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relating to any present or future actions or claims, such judgments, settlements or costs may have a material adverse effect on the Company's profitability and financial condition. If the Company is unable to obtain needed surety bonds in adequate amounts or make alternative arrangements to satisfy the requirements for such bonds, the Company may no longer be able to operate in those states, which would have a material adverse effect on the Company.

Class Action Suits and Other Legal Proceedings—The Company is subject to class action and other lawsuits that could result in material liabilities to the Company or cause the Company to incur material costs, to change the Company's operating procedures in ways that increase costs or to comply with additional regulatory requirements.

        Managed healthcare companies and PBM companies have been targeted as defendants in national class action lawsuits regarding their business practices. The Company has in the past been subject to such national class actions as defendants and is also subject to or a party to other class actions, lawsuits and legal proceedings in conducting the Company's business. In addition, certain of the Company's customers are parties to pending class action lawsuits regarding the customers' business practices for which the customers could seek indemnification from the Company. These lawsuits may take years to resolve and cause the Company to incur substantial litigation expense, and the outcomes could have a material adverse effect on the Company's profitability and financial condition. In addition to potential damage awards, depending upon the outcomes of such cases, these lawsuits may cause or force changes in practices of the Company's industry and may also cause additional regulation of the industry through new federal or state laws or new applications of existing laws or regulations. Such changes could increase the Company's operating costs.

Negative Publicity—The Company may be subject to negative publicity which may adversely affect the Company's business, financial position, results of operations or cash flows.

        From time to time, the managed healthcare industry has received negative publicity. This publicity has led to increased legislation, regulation, review of industry practices and private litigation. These factors may adversely affect the Company's ability to market our services, require the Company to change its services, or increase the overall regulatory burden under which the Company operates. Any of these factors may increase the costs of doing business and adversely affect the Company's business, financial position, results of operations or cash flows.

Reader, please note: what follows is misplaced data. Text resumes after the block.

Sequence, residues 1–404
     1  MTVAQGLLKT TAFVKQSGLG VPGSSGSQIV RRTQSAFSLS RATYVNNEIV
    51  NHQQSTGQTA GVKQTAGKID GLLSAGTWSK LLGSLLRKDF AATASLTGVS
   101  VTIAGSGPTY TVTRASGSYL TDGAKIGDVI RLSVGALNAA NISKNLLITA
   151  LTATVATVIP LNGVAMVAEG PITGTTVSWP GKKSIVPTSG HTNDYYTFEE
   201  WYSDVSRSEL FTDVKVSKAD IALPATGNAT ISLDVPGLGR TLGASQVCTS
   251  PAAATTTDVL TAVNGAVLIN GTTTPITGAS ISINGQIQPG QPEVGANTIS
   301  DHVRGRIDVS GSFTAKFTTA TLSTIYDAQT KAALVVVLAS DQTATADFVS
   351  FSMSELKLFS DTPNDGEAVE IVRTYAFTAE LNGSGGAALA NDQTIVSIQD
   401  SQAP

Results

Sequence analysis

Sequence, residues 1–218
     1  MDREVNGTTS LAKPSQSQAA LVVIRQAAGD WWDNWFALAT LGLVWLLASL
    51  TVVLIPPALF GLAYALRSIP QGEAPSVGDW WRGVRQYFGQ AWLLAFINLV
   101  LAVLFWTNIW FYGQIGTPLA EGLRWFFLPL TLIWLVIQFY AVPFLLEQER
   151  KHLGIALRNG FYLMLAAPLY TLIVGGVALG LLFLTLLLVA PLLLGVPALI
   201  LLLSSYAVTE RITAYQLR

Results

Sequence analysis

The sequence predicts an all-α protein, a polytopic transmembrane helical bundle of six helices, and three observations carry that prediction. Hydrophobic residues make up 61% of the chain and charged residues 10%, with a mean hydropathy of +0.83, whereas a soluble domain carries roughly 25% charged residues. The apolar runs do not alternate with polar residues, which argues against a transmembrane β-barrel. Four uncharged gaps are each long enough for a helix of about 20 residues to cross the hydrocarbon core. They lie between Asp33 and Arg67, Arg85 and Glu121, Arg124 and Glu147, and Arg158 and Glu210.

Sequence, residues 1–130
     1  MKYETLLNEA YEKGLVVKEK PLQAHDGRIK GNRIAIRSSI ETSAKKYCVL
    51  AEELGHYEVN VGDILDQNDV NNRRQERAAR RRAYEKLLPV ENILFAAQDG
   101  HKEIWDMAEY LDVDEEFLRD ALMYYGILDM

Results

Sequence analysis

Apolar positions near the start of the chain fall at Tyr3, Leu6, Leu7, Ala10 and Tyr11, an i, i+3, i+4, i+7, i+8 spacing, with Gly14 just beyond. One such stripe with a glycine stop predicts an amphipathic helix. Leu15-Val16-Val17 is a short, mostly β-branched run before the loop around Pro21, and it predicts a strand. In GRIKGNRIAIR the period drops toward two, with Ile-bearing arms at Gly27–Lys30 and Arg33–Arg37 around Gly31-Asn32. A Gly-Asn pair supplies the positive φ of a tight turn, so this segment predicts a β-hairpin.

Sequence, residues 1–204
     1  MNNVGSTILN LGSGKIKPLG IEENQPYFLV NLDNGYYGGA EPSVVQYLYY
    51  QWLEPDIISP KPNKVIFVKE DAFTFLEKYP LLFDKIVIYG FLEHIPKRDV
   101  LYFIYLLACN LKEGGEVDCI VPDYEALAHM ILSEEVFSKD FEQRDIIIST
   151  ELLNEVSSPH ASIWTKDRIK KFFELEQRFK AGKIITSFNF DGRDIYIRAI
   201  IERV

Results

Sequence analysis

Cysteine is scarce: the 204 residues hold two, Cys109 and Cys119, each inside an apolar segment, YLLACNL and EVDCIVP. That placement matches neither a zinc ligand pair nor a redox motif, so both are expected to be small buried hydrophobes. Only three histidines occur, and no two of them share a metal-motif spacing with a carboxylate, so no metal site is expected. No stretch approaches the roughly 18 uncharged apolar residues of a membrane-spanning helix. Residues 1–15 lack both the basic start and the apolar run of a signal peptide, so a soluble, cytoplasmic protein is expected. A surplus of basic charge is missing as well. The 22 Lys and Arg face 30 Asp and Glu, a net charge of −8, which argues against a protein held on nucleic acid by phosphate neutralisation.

Government Investigations—The Company may be subjected to additional regulatory requirements and to investigations or regulatory action by governmental agencies, each of which may have a material adverse effect on the Company's business, financial condition and results of operations.

        From time to time, the Company receives notifications from and engages in discussions with various government agencies concerning the Company's businesses and operations. As a result of these contacts with regulators, the Company may, as appropriate, be required to implement changes to the Company's operations, revise the Company's filings with such agencies and/or seek additional licenses to conduct the Company's business. The Company's inability to comply with the various regulatory requirements may have a material adverse effect on the Company's business.

        In addition, the Company may become subject to regulatory investigations relating to the Company's business, which may result in litigation or regulatory action. A subsequent legal liability or a significant regulatory action against the Company could have a material adverse effect on the Company's business, financial condition and results of operations. Moreover, even if the Company ultimately prevails in the litigation, regulatory action or investigation, such litigation, regulatory action or investigation could have a material adverse effect on the Company's business, financial condition and results of operations.

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Investment Portfolio—The value of the Company's investments is influenced by varying economic and market conditions, and a decrease in value may result in a loss charged to income.

        All of the Company's investments are classified as "available-for-sale" and are carried at fair value. The Company's available-for-sale investment securities were $208.3 million and represented 11.8 percent of the Company's total assets at December 31, 2013.

        The current economic environment and recent volatility of securities markets increase the difficulty of assessing investment impairment and the same influences tend to increase the risk of potential impairment of these assets. The Company believes it has adequately reviewed its investment securities for impairment and that its investment securities are carried at fair value. However, over time, the economic and market environment may provide additional insight regarding the fair value of certain securities, which could change the Company's judgment regarding impairment. This could result in realized losses relating to other-than-temporary declines being charged against future income. Given the current market conditions and the significant judgments involved, there is a risk that declines in fair value may occur and material other-than-temporary impairments may be charged to income in future periods, resulting in realized losses. In addition, if it became necessary for the Company to liquidate its investment portfolio on an accelerated basis, it could have an adverse effect on the Company's results of operations.